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A roux, pronounced “roo”, is the key to making smooth and thick sauces and gravies. It takes only two ingredients and knowing how to make a roux is an essential cooking technique!Pin this recipe for later!
Table of Contents
What Is A Roux
A roux is equal parts fat and flour. It is the base of many sauces and serves as a thickener for soups and sauces.
Butter is commonly used, but you can also use oil, bacon fat, or the drippings from roasting or frying when making a gravy. The butter or fat is melted, and then the flour is added and cooked until it is thick and free of lumps. Once it is made, you can then add a liquid to create a super smooth sauce.
How To Make a Roux
Melt Fat – Start by heating a skillet or saucepan over medium heat and melting the butter, or other fat.
Add Flour – After the butter or fat is melted, whisk in the flour until combined. Cook for a couple of minutes, while whisking, until it is golden and bubbling. There should be no lumps.
To Turn the Roux into a Sauce – To make a sauce or gravy, add your broth, milk, or another liquid and herbs/seasonings. You can also add cheese at this point to make a smooth cheese sauce, like for mac and cheese!
Types of Roux
There are three main stages in making a roux: white, blond, and brown roux. The primary difference between these stages is the cooking time and color of the roux. Different recipes call for different stages.
White: Cook for a few minutes until the mixture is smooth and has a pale, ivory color. It should not take on any brown color. White roux is typically used in white sauces like béchamel and as a thickener for Cheese Sauce or Sausage Gravy.
Blond: A Blond roux is used in a variety of sauces, including velouté and some soups. It is slightly puffed and has a slightly nuttier flavor compared to a white roux. Simmer for 3-4 minutes.
Dark: A brown roux is commonly used in Cajun and Creole cooking, as well as in dishes like gumbo and some gravies. It imparts a deeper, more complex flavor to sauces and soups. It takes at least 5-8 minutes of simmering, so be careful not to burn it; it should have a rich, brown hue but not be black or scorched.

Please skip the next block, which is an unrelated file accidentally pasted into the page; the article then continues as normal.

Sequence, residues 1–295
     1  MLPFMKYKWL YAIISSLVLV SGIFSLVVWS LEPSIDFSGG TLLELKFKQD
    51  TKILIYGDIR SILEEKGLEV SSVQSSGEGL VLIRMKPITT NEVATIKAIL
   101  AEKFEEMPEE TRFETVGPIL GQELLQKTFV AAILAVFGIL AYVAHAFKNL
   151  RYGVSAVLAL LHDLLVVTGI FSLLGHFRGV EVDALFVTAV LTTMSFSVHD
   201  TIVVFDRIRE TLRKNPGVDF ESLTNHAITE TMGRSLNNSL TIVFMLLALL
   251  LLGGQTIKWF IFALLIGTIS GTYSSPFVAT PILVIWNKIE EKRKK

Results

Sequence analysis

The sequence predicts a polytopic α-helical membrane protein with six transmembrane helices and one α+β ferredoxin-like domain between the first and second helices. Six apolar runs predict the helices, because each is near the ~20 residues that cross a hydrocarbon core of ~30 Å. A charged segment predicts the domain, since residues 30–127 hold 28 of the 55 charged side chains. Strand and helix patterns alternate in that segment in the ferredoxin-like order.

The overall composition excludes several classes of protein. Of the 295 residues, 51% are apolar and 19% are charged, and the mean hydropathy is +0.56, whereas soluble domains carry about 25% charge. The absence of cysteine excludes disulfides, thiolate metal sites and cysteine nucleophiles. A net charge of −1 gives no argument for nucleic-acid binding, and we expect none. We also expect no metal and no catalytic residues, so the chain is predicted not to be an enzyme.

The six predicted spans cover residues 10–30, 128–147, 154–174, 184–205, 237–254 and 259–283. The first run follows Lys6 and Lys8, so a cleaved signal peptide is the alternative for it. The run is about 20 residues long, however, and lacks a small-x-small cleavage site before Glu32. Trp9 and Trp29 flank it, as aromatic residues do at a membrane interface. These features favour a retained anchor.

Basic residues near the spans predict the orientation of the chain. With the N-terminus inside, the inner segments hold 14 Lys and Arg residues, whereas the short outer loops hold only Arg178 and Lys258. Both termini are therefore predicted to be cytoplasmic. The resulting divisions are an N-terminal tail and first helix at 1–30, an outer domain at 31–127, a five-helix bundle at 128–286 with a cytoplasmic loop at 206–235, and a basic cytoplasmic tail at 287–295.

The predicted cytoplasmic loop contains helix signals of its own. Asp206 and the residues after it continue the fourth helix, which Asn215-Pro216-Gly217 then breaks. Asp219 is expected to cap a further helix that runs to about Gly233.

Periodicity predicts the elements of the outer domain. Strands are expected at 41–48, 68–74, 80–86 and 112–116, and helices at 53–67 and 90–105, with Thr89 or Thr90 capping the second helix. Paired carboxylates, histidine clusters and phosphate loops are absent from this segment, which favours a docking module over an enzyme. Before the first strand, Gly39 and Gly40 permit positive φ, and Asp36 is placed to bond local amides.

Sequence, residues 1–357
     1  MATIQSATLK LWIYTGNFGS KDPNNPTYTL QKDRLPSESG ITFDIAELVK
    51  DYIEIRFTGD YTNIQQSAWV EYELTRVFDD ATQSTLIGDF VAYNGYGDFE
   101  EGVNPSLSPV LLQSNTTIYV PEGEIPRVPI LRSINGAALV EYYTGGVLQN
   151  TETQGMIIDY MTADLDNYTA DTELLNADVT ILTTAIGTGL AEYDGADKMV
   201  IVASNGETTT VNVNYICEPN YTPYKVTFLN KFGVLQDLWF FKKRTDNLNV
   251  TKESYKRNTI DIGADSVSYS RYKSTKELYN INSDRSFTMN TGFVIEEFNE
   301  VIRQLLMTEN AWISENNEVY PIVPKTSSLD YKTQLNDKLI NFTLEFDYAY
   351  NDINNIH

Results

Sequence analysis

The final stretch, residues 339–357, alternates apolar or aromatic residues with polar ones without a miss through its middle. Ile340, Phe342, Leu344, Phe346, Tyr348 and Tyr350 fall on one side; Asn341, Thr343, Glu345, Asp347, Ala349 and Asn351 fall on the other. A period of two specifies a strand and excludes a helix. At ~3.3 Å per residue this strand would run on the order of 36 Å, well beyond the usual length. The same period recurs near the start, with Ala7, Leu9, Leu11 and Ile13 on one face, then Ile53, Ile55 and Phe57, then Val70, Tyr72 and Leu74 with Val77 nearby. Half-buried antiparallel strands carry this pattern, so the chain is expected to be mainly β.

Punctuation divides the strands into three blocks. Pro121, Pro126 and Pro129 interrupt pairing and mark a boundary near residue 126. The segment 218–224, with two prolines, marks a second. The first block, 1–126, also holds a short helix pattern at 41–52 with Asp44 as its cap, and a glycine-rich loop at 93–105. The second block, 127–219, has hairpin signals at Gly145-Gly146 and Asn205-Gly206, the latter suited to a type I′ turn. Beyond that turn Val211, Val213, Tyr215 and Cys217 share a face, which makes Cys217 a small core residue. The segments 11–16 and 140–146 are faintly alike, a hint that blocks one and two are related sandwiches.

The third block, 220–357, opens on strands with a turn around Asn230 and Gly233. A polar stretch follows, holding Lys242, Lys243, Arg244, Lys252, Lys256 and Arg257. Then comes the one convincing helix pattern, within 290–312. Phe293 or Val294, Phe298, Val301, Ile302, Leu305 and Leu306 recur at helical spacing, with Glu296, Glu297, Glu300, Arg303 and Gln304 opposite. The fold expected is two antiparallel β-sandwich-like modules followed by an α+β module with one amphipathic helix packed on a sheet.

A typical roux uses a 1:1 ratio (or equal parts) of fat and flour. For extra thick sauces, you can use a little more flour.
A roux is made in 3 simple steps: melt the butter or fat, whisk in the flour while cooking for a couple of minutes, then slowly whisk in the liquid to make your sauce.
It’s best to cook the roux over medium heat. You want the roux to get a golden color but you don’t want the flour to burn.
The roux is done and ready for the liquid to be added when it is smooth (no lumps from the flour), thick, and lightly golden in color. It will also have a slight nutty smell.
- Do not add flour after adding liquid – It’s important to add all of your flour to the fat before you add the liquid. If you add flour after adding the liquid it will clump up and won’t properly incorporate into the sauce.
- More flour for a thicker sauce – A typical roux uses a 1:1 ratio or equal part. So 2 tablespoons of fat and 2 tablespoons of flour. If you are making a very thick sauce, then you can add a little more flour (3 tablespoons of flour to the 2 tablespoons of fat).
- Whisk Frequently – When adding the flour to cook, make sure to whisk often so the flour incorporates into the fat and doesn’t clump up.
Recipes That Use A Roux
- Beer Cheese Soup
- Sausage Gravy
- Spaghetti Mac and Cheese
- Chicken Pot Pie With Biscuits
- Loaded Baked Potato Soup
- Cracker Barrel Hashbrown Casserole
How to Make a Roux
- 1/4 cup butter
- 1/4 cup all-purpose flour
- salt and pepper
- In a medium saucepan over medium heat, melt butter.
- Add flour and whisk constantly until fully incorporated.
- Simmer over low heat for 1-2 minutes to cook the flour. It should be slightly puffed and light in color, and have a nutty aroma. For a darker roux, cook for 3-10 minutes (see notes).
- Add liquid (chicken broth, milk, cream, etc), whisking to fully incorporate each addition. Add seasonings and simmer to thicken.
- White: 1-2 minutes
- Blond: 3-4 minutes
- Dark: 7-10 minutes